If you are walking through an unplanned pregnancy, you might be feeling overwhelmed or scared. Maybe your mind is racing with thoughts like, “I’m not in a place to parent. I can’t provide for a baby right now. I can’t be a single mom.” You may still be in the process of deciding what to do and you feel unsure of the way forward.
No one plans to parent alone.
Ali* loves kids and has wanted to be a “mommy” for as long as she could remember. But she hadn’t anticipated being a single mom at 19. She and her boyfriend started dating in high school and moved in together soon after graduation. Even though they had only been sexually active for a couple of months, pregnancy wasn’t part of the plan.
Early in her pregnancy, Ali thought about adoption as a possibility. She remembers that initially, she didn’t connect with her baby during pregnancy because her mindset was, “I am carrying this baby for someone else.” She had watched friends struggle for years with infertility and she imagined what it would be like if they raised her baby. She was comfortable with the idea of an open adoption. Open adoption provides a way to have an on-going relationship with your child and is a wonderful parenting plan for those who find they are currently unprepared or unable to provide for a child.
Ali’s boyfriend, however, remained opposed to the idea of adoption. By her third trimester of pregnancy, they had agreed to raise their baby together. Ali’s mindset shifted and she quickly found that she was connecting with her baby, as she began to think of herself as a mom. A couple of months later, Ali had an all-natural childbirth and said she felt empowered and amazed by what her body had gone through and an overwhelming amount of love for Cee*.
After Cee’s birth, life at home was growing more difficult. Ali struggled with postpartum depression and the relationship between her and boyfriend was becoming increasingly toxic. He had quit work and was now struggling with addiction and substance abuse. She was working two jobs and desperately trying to make ends meet. Ali finally broke off the relationship when Cee was just two months old. She had so many fears moving forward. She didn’t want her daughter to grow up without a dad. Ali had lost her own father at a young age, and she didn’t want the same heartache for her own daughter. While she didn’t want her daughter to experience the abandonment she had, she also knew that what they had been living with was just as unhealthy. But Ali also valued her independence and wanted to prove that she could raise Cee on her own.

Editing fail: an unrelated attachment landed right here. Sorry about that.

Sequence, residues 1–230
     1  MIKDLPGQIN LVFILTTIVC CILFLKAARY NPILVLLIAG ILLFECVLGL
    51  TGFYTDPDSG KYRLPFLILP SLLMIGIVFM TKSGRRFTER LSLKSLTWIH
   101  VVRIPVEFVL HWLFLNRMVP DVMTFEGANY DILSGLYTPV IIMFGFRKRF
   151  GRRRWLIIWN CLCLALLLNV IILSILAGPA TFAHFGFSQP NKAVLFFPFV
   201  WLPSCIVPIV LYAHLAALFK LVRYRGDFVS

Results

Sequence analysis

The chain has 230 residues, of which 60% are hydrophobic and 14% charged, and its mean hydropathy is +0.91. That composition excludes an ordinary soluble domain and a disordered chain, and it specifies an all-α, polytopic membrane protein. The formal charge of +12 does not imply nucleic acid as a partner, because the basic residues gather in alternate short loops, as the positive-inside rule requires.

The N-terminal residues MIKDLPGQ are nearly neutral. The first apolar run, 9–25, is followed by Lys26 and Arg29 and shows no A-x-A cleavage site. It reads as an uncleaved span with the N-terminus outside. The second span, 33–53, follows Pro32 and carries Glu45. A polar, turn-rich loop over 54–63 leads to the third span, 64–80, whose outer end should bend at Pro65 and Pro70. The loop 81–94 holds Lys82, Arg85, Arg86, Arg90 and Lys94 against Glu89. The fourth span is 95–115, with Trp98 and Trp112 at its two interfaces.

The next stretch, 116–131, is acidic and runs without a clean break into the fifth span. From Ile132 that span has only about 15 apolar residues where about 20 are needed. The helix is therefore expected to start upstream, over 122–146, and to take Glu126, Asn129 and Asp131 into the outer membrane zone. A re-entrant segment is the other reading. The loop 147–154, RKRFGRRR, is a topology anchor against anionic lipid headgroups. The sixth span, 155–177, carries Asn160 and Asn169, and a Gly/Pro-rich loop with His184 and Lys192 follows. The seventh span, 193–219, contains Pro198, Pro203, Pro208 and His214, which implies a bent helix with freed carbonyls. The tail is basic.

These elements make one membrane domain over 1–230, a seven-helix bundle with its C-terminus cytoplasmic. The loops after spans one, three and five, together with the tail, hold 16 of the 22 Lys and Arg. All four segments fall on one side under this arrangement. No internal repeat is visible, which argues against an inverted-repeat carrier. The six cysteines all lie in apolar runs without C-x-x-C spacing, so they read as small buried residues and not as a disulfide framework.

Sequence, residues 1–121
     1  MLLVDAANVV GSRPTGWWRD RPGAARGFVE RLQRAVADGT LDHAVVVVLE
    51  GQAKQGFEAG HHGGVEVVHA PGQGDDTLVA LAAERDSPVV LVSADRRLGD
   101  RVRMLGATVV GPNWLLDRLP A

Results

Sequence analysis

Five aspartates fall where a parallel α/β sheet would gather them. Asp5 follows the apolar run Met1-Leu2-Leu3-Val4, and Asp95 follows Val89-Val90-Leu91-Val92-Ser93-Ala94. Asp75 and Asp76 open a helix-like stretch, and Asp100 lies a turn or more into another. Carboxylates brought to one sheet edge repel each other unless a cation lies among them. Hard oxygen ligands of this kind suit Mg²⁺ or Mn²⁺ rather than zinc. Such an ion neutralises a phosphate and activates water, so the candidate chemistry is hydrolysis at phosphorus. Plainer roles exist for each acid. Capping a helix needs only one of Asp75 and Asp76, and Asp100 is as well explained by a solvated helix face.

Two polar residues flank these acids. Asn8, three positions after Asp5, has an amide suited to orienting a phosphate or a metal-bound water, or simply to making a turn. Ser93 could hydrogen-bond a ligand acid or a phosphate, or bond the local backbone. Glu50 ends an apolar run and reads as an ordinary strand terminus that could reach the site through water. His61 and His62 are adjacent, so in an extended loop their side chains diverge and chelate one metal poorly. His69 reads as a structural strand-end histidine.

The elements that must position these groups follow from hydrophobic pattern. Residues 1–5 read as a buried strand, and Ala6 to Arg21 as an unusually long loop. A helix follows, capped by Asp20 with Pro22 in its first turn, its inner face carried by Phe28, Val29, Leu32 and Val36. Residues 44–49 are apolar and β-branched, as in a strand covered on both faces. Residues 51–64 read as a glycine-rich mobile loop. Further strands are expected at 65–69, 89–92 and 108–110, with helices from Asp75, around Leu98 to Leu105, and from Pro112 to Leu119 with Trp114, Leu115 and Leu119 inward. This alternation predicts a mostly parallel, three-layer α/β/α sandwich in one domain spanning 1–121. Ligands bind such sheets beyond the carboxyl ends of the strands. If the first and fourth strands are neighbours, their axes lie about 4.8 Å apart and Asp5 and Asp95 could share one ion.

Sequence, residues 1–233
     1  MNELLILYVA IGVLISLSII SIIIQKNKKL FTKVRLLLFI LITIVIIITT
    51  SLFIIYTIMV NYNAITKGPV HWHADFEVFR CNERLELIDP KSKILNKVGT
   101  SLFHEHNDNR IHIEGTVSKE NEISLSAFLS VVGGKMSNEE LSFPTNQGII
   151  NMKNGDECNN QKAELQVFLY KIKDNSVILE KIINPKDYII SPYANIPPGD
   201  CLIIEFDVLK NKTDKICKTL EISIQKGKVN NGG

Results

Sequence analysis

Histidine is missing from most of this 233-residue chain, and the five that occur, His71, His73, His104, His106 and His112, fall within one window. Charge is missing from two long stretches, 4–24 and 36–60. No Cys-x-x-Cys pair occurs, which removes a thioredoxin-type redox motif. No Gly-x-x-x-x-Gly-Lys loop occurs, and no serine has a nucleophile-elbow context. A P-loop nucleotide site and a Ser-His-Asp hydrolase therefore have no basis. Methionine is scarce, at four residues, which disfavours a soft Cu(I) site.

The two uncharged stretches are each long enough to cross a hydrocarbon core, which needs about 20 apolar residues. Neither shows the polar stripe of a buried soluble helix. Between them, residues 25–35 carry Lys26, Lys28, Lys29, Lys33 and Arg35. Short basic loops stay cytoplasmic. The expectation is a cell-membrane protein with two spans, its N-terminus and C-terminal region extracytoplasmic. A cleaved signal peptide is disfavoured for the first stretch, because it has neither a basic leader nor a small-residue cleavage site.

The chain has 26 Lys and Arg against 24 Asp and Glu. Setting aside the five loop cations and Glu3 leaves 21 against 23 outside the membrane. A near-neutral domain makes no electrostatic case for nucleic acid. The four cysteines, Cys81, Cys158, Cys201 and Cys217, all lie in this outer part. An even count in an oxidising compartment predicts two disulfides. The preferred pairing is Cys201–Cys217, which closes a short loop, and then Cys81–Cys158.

So, Ali made some big life-changing decisions. First, she looked for jobs that would allow her to have Cee present with her. She worked in retail, as a nanny providing in-home childcare, and at a daycare. While pregnant, she started attending parenting classes offered through a local ministry, Hope Outreach. She continued attending classes and the “Earn-While-You-Learn” program not only provided education and encouragement, but also opportunities to provide for her daughter. She was able to purchase clothes, baby items, and toys, along with diapers and wipes.
Ali quickly recognized that Cee was depending on her to meet her physical and emotional needs. She chose to let go of the “normal” freedoms and activities of her peers, and focused instead on being the best mom she could be. She feared she would be missing out but realized, “It’s not as hard as I thought it would be.” And she was surprised to find joy in watching her daughter grow and recognizing the role she played as “provider”. Ali is proud to see how capable she is as a woman. Not only did she provide for her daughter as she developed in utero, she provided in those early months of life through breastfeeding. “Anything she needs is all on me.” Cee is smart and sweet and silly. And Ali can’t imagine life without her!
If you are pregnant and unsure what to do next, we want you to know that you are not alone. There is help and support, whether you choose an adoption plan or whether you choose to raise your child on your own. Parenting programs offer practical help and support and there are support groups for single moms. You don’t have to walk through these decisions alone. Pregnancy Resource Centers have caring staff and volunteers that will take the time to listen to your story, love you right where you are at in the process, answer your questions, and help connect you with the resources you need. Though this may feel overwhelming right now, you might be surprised to find JOY where you least expect it.
*pseudonym; names have been changed to protect anonymity
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